Zeller Kern’s Investment Monitor

Is the FAANG Getting a Little Long in the Tooth?

March 21, 2018

By Steve Zeller

In the last issue of the Investment Monitor, we discussed the possibility of the current nine year bull market reaching its final high. If that is the case, the high was realized on January 26th with the S&P 500 closing at 2,872.87. However, the past few weeks have produced a choppy sideways pattern for the market, and outside of the NASDAQ and  FAANG territory, the major indexes have posted rather uneventful performance numbers. Year-to-date, as of the market close on Friday, the Dow Jones Industrial Average is up 1.47%, S&P 500 is up 3.38%, and the NYSE Composite is down -0.70%. The NASDAQ is the index that is carrying the weight, and is up 8.38%.

S&P 500 2 Year Chart
(Source: Bigcharts.com)

The NASDAQ may become a source of future volatility, as tech stocks have made a massive run up that is reminiscent of the dot com era during the 1999-2000 period. The market has become extremely concentrated. The FAANG stocks, being Facebook, Amazon, Apple, Netflix, and Google, have grown by more than 40% in the past year to a total market cap of $3 trillion. As a result, these 5 stocks account for more than 25% of the NASDAQ Composite. As it stands, Apple’s market cap is now around $900 billion, and Amazon’s market cap is at $760 billion. We shall see which one of these behemoths reach a $1 trillion in market cap. Although, many investors have benefited from the rise in the stock prices of these companies, they are also a potential for creating a serious downturn. A few of these stocks have price to earnings multiples that are just sky high. For example, Amazon has a forward P/E ratio of around 190X, and a current P/E ratio of around 250X. Netflix’s current P/E ratio is at 250X, according to Bigcharts.com. To put this into perspective, this means that an investor would invest $190 to receive $1 of Amazon’s earnings.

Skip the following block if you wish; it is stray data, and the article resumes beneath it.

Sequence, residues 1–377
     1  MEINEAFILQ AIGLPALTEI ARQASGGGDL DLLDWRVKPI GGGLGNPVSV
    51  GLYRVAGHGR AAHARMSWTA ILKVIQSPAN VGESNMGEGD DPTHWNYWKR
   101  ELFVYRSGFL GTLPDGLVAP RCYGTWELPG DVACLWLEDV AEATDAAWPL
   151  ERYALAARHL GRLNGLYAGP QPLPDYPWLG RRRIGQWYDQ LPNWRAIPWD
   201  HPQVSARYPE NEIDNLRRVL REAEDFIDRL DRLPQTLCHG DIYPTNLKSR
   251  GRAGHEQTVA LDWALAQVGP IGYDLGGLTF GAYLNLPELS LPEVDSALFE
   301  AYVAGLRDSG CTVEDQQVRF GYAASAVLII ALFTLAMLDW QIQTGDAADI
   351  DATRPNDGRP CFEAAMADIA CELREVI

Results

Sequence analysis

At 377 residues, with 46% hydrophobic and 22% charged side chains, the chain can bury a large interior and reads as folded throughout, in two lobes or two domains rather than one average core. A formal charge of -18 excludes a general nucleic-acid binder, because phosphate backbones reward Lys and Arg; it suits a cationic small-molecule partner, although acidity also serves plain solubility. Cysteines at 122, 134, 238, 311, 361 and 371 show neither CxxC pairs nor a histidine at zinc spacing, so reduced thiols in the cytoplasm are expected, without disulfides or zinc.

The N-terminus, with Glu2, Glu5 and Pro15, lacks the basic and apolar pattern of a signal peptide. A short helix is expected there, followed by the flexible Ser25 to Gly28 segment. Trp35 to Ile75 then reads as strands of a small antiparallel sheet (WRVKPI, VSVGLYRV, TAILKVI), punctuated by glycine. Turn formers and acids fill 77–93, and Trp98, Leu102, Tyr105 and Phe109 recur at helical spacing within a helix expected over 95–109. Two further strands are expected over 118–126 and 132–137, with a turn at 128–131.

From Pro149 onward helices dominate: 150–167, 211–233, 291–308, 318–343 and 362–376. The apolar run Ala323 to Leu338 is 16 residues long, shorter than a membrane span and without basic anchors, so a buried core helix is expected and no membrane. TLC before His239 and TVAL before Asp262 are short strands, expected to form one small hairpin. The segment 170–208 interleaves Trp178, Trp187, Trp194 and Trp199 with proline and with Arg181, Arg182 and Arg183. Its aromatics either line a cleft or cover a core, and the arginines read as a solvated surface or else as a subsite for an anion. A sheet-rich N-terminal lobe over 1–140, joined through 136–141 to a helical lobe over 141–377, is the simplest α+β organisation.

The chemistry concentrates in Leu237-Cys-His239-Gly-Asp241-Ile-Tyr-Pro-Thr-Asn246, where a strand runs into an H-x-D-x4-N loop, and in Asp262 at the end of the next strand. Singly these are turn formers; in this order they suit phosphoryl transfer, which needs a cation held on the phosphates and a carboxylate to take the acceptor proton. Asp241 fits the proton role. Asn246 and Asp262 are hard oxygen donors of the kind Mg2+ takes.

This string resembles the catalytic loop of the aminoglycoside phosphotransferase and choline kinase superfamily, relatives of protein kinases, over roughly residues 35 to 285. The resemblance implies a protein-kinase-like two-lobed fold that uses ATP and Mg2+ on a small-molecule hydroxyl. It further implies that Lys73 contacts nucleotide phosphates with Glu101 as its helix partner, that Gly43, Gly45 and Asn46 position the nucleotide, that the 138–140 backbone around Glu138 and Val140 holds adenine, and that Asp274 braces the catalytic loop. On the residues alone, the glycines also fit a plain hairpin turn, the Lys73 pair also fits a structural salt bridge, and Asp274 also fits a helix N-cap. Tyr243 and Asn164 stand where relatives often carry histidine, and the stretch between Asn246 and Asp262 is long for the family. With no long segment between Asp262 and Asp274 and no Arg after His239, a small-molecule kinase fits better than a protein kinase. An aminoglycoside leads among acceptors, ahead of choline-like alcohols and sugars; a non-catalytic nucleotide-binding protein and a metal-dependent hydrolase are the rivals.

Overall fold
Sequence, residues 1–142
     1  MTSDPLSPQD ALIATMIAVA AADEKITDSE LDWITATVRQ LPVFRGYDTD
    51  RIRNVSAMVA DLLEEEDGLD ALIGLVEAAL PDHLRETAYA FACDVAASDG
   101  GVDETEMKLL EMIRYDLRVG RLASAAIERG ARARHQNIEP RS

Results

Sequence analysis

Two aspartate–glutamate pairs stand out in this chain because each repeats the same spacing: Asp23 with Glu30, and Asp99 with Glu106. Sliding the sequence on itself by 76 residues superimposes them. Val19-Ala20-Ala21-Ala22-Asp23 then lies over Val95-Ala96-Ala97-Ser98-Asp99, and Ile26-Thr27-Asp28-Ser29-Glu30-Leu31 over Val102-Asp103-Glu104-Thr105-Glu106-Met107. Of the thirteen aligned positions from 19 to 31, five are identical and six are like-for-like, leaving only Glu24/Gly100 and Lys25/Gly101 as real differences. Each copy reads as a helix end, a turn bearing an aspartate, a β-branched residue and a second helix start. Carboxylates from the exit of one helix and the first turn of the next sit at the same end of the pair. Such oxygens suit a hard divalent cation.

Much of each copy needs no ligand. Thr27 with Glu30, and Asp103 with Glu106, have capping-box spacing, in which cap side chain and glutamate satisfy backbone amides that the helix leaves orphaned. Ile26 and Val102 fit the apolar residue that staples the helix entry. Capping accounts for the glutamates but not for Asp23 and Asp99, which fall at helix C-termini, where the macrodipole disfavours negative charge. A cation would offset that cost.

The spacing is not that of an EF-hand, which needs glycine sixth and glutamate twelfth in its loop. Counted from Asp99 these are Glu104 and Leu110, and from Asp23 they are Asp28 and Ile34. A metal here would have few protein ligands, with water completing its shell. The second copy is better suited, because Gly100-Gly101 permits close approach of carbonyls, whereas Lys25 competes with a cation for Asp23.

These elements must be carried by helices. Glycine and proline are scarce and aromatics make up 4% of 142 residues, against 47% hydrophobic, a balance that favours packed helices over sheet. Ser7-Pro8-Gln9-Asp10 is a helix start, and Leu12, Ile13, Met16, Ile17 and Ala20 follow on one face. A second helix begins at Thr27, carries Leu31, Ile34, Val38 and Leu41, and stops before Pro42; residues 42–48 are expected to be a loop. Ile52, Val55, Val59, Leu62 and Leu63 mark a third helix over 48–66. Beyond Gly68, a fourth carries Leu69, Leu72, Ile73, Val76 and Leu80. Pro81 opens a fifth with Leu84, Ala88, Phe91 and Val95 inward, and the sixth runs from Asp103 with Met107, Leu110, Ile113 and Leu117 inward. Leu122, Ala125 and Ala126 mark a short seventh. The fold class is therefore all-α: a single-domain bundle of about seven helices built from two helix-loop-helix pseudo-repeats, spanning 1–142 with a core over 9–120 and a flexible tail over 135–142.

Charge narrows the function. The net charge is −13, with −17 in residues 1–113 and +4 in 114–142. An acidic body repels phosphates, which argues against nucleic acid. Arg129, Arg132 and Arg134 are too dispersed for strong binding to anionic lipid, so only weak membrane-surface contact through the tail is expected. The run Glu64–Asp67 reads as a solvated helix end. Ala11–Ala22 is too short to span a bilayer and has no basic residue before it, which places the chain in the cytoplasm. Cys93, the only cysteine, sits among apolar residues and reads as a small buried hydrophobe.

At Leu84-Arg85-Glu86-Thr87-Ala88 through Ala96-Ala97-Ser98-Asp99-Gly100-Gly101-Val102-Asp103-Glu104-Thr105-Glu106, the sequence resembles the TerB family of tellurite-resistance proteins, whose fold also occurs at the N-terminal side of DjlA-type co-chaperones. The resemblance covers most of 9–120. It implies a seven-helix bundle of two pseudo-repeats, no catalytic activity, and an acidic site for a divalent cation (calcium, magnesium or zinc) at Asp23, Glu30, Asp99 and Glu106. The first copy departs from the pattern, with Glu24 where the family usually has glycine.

The first member of the “FAANG”, Facebook, has shown signs of weakness in its stock price, as it finds itself dealing with systemic problems of data breaches. Apparently, it was reported over the weekend that there was a data leak that exposed about 50 million user accounts, which raises the risk of regulatory controls for the “social media platform”, and would theoretically hinder advertising revenue.

The market appears to be in a sideways pattern and we will have to see as to whether we will experience significant weakness going forward or if the market will gain some more upward momentum. So far, the source of the push upward has been from the mania of the FAANG stocks.

The bond market has been struggling. Year-to-date, most major U.S. bond indexes are down in single digits, with the Morningstar U.S. Core Bond Index down -2.04%, and the U.S. Long Core Bond Index down -4.19%. The risk moving forward, for the bond market, is mounting in our view. Bond yields are still at historically low levels. But, pressure for bond yields to rise appears to be mounting. There are a few good articles on Wolfstreet.com that discuss the trends for the bond market.

For one thing, yields for short term Three-Month Treasury bills have risen notably off of its record lows printed in October of 2015, when the Three-Month Treasury was at 0%. Fast-forward to last Friday, and the Yield for the Three-Year Treasury was at 1.78%, the highest level since August 19th 2008. (Reference Article: “What’s Going on in the Treasury Market?”)

The Two-Year Treasury yield has risen to 2.31% as of last Friday, which is the highest since August 29th of 2008. The yields on the short end of the Bond market, i.e. the Three-Month Treasury and the Two-Year Treasury, historically, react faster to rate hikes than the 10-Year Treasury. That being said, the yield on the 10-Year Treasury closed at 2.85%, as of last Friday.